Gulf Gate Hearing Aid Center / January 26, 2022
It’s common to be concerned about how osteoporosis is going to affect your daily life. The risk of breaking bones goes up significantly, and small falls can suddenly become a big deal.
What is Osteoporosis?
Osteoporosis is a condition which causes a loss of bone density. When this happens the risk of breaking bones and fractures becomes much more likely. Currently, it is estimated that more than 200 million people are suffering from osteoporosis worldwide. Osteoporosis increases in risk as we age. The International Osteoporosis Foundation, reports that worldwide, 1 in 3 women over the age of 50 years and 1 in 5 men will experience osteoporotic fractures in their lifetime. However, the effects reach far beyond the bone density loss we normally think of, putting the tiny bones of our inner ear at risk.
Loss of Bone Density
Healthy bones are continually renewing and regenerating bone tissue. As we age the absorption and replacement of bone tissue slows down. When we begin to lose bone mass faster than we can replace it, is when osteoporosis is diagnosed. This leads to higher risks of bone fractures in the wrist, spine, and hip. Often people are not aware they even have this condition until they suffer a fracture. It’s a devastating condition because it not only leaves people more susceptible to injury, but the recovery time takes much longer due to the slow generation of bone tissue.
The Bones of Hearing
You may not think of the ears as a part of the body containing bones since the outer ear is mostly composed of cartilage. However, the auditory system is a complex and amazing combination of cells and bones which transfer audio vibrations from the outside world to our brain where it is processed. In fact, the middle ear contains auditory ossicles – which are actually three tiny, connected bones that are connected. The ossicles work as an amplifier of the soundwaves and send them to the inner ear. Within the inner ear the ossicles send sound to tiny hair-like cells within fluid inside the cochlea. These hair cells work as electrical transformers sending the signal to the brain for processing.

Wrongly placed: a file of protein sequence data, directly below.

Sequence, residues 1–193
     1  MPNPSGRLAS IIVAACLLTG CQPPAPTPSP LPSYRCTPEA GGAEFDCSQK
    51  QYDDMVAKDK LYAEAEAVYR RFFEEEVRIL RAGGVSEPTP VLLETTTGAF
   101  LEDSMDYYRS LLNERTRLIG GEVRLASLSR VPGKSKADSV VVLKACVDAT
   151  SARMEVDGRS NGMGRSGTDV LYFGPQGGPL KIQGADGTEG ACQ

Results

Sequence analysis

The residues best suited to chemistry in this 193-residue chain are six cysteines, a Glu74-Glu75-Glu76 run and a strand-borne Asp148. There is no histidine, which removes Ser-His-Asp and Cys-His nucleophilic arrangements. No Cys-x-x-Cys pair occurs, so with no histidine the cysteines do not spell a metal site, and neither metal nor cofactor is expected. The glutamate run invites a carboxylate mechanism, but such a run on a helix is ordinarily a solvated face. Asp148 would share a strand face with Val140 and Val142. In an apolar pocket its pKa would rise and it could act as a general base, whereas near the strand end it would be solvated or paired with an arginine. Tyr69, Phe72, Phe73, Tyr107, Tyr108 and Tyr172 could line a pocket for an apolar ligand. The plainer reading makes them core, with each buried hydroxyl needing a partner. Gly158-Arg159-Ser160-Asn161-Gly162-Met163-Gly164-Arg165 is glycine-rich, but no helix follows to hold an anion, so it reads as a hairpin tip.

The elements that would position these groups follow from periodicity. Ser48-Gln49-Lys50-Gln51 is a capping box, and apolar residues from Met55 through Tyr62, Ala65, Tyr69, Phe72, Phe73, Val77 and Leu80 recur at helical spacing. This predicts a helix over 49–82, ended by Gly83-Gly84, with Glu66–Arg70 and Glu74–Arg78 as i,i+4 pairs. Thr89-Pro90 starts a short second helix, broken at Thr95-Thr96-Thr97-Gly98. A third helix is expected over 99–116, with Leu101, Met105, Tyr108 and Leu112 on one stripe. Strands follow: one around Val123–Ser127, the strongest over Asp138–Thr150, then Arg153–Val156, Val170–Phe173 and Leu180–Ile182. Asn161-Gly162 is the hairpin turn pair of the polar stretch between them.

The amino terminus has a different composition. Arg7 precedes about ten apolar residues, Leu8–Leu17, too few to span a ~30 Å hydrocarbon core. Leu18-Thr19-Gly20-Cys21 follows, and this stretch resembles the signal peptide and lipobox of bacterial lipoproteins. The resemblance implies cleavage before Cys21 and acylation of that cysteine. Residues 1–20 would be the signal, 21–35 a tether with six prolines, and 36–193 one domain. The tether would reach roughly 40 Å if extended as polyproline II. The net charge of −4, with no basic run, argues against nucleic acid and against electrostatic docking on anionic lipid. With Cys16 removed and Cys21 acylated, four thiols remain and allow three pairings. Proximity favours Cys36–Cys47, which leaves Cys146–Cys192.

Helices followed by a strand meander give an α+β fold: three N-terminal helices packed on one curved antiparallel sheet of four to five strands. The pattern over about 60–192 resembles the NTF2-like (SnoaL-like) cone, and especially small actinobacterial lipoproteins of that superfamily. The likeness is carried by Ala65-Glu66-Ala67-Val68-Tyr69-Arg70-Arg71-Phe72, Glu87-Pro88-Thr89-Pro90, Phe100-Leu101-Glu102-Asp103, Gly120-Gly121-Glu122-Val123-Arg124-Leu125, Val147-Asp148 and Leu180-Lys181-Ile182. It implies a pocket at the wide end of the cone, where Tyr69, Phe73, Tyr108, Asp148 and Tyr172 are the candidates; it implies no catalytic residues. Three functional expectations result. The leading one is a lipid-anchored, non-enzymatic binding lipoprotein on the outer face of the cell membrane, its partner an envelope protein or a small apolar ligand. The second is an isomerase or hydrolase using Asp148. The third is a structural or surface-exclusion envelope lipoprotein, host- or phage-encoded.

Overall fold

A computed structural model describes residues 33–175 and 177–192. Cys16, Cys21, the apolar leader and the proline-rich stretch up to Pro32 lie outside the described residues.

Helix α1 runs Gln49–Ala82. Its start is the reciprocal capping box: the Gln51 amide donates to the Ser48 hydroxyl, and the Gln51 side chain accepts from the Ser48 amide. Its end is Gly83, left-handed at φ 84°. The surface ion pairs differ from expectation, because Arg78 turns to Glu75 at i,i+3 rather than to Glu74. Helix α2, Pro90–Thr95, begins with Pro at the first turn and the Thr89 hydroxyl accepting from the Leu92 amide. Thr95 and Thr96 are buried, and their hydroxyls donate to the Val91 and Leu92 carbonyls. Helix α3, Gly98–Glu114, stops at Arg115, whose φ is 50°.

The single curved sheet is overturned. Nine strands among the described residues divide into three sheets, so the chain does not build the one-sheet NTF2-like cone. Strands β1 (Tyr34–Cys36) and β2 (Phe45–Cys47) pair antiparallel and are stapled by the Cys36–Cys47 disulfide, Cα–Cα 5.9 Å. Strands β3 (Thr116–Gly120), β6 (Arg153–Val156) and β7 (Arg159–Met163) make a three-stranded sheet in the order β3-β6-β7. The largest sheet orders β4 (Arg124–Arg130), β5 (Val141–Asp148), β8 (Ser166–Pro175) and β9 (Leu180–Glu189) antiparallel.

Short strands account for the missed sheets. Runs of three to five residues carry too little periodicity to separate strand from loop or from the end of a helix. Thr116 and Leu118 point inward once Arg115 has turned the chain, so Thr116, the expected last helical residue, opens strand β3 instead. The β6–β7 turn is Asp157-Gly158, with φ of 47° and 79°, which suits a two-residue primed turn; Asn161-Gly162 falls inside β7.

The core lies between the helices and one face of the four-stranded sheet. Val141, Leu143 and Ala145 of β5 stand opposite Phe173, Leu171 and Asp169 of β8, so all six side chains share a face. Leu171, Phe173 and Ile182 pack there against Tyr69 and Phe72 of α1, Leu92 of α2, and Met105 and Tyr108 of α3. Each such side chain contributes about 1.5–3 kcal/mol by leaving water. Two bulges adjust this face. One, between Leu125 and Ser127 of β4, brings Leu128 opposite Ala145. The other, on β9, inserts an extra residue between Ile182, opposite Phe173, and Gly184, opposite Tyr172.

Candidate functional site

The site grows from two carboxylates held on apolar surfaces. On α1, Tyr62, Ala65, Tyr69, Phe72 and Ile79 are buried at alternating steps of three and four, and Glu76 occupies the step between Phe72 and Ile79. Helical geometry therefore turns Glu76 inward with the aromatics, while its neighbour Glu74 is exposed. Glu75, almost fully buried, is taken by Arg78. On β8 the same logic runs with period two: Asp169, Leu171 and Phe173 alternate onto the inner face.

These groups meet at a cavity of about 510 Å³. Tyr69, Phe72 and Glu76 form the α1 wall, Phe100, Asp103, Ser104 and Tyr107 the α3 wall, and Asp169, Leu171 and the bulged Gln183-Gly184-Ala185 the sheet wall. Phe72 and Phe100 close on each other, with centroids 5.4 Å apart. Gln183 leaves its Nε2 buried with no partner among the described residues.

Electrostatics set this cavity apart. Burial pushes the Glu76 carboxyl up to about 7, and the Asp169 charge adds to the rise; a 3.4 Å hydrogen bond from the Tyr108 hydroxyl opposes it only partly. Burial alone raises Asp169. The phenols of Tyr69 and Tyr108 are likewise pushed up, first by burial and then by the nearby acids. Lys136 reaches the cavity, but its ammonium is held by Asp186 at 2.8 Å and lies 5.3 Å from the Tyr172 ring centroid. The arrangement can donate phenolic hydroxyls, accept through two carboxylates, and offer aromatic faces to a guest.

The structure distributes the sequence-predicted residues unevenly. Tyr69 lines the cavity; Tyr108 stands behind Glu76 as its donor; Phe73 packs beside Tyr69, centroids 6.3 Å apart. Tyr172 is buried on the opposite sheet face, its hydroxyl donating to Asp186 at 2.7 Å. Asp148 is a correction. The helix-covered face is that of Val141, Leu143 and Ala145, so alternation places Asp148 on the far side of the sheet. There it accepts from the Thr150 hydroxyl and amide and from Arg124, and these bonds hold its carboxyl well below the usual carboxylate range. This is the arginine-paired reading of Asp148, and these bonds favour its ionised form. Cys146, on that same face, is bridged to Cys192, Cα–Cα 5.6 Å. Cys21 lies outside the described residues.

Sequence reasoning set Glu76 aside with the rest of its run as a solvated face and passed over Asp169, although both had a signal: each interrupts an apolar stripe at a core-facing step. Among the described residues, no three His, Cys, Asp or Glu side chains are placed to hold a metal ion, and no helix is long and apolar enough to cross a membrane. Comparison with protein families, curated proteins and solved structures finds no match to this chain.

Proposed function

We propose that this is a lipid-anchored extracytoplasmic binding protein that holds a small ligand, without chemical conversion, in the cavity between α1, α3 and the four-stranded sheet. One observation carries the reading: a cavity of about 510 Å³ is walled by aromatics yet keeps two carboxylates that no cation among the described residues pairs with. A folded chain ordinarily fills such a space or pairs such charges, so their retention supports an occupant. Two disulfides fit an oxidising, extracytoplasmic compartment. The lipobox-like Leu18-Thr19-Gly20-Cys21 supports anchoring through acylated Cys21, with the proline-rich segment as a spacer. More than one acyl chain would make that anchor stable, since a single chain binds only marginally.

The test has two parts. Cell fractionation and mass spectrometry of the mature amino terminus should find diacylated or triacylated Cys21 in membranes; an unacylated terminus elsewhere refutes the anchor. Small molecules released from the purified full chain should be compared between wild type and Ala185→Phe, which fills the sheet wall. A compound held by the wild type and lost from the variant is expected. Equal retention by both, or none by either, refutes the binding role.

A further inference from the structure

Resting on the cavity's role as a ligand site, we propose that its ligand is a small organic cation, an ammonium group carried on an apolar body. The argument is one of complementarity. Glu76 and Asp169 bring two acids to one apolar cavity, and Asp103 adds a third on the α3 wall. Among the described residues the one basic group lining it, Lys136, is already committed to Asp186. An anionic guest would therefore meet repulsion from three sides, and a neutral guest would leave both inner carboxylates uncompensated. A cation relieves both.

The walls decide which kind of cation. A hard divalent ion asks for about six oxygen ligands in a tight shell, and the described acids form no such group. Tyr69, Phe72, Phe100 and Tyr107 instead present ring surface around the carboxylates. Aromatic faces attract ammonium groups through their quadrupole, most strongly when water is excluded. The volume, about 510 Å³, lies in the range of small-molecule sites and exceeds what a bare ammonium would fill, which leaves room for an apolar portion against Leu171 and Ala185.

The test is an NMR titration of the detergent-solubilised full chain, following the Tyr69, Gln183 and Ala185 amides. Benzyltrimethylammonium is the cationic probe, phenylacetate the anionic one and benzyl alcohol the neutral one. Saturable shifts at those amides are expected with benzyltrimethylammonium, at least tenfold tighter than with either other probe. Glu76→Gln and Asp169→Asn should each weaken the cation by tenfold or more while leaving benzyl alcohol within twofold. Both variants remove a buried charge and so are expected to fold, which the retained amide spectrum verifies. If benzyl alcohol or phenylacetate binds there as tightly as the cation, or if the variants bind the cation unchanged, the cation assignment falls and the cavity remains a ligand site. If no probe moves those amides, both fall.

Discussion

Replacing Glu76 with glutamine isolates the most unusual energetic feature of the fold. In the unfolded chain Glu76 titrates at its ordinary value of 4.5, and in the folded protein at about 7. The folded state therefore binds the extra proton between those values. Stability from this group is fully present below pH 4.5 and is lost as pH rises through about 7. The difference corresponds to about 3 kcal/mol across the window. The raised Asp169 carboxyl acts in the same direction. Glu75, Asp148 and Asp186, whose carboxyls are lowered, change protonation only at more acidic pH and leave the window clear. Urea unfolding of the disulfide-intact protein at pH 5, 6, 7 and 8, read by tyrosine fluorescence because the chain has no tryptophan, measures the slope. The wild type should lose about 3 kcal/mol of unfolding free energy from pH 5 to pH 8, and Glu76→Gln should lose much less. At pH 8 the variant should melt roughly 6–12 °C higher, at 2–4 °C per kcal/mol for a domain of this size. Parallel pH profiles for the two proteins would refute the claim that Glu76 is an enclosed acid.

Hearing Loss and Osteoporosis
Many components can damage parts of this complex and fragile system, such as an impact to the head, loud noise, ototoxic chemicals, or chronic ear infections. When damage occurs to any part of this system at least parts of sound, whether it is tones or pitches, cannot reach the brain for comprehension, leaving people with permanent hearing loss. This includes the depletion of ossicles which are composed of bone and susceptible to loss of density due to osteoporosis.
Linking Hearing Loss and Bone Density Loss
One important study published in The Journal of Clinical Endocrinology & Metabolism in 2015 sought to solidify the relationship between hearing loss and this chronic bone condition. The researchers at the Chi Mei Medical Center in Taiwan examined data from a national health database, comparing 10,660 patients diagnosed with osteoporosis between 1998 and 2008 with a random selection of 31,980 patients without osteoporosis. They followed the participants until 2011 and found that patients with osteoporosis were 76% more likely to develop sudden hearing loss. Cisgendered Women with osteoporosis were 87% more likely to develop hearing loss compared to cisgendered men.
“A growing body of evidence indicates that osteoporosis affects not only bone health, but the cardiovascular and cerebrovascular system” explains co-author of the study, Dr. Kai-Jen Tien “Our findings suggest sudden sensorineural hearing loss can be another broader health problem connected to osteoporosis.”
Treating Your Hearing Loss
If you have been diagnosed with osteoporosis, it is important to take action and actively treat your condition. Treatment includes medications, healthy diet, and weight-bearing exercise to help prevent bone loss or strengthen already weak bones. If you are over 65 and haven’t screened for osteoporosis, don’t wait for you to suffer bone fractures or permanent hearing loss to find out.
Hearing loss can be an isolating disability, making it difficult to connect to loved ones, follow conversation and leaving people feeling chronically depressed. If you do have osteoporosis your hearing could be at risk. The best way to be prepared is to screen for potential issues early. Schedule a hearing exam today. We can diagnose the health of your ears and help you find the best solution for all your hearing needs.